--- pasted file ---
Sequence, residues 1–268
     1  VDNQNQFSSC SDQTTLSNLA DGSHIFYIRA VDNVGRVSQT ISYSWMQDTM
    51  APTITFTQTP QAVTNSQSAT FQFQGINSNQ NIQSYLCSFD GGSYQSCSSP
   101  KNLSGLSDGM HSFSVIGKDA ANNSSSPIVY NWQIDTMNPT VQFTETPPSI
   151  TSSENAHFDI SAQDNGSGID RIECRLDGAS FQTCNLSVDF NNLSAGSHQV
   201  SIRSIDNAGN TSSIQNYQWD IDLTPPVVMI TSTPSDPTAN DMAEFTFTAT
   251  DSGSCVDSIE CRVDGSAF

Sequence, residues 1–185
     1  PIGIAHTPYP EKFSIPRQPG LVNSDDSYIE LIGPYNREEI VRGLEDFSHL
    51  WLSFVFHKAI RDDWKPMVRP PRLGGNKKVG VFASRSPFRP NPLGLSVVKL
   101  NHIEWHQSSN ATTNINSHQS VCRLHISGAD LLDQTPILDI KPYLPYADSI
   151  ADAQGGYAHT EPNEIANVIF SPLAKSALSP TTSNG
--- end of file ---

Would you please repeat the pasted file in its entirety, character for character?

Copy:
Sequence, residues 1–268
     1  VDNQNQFSSC SDQTTLSNLA DGSHIFYIRA VDNVGRVSQT ISYSWMQDTM
    51  APTITFTQTP QAVTNSQSAT FQFQGINSNQ NIQSYLCSFD GGSYQSCSSP
   101  KNLSGLSDGM HSFSVIGKDA ANNSSSPIVY NWQIDTMNPT VQFTETPPSI
   151  TSSENAHFDI SAQDNGSGID RIECRLDGAS FQTCNLSVDF NNLSAGSHQV
   201  SIRSIDNAGN TSSIQNYQWD IDLTPPVVMI TSTPSDPTAN DMAEFTFTAT
   251  DSGSCVDSIE CRVDGSAF

Sequence, residues 1–185
     1  PIGIAHTPYP EKFSIPRQPG LVNSDDSYIE LIGPYNREEI VRGLEDFSHL
    51  WLSFVFHKAI RDDWKPMVRP PRLGGNKKVG VFASRSPFRP NPLGLSVVKL
   101  NHIEWHQSSN ATTNINSHQS VCRLHISGAD LLDQTPILDI KPYLPYADSI
   151  ADAQGGYAHT EPNEIANVIF SPLAKSALSP TTSNG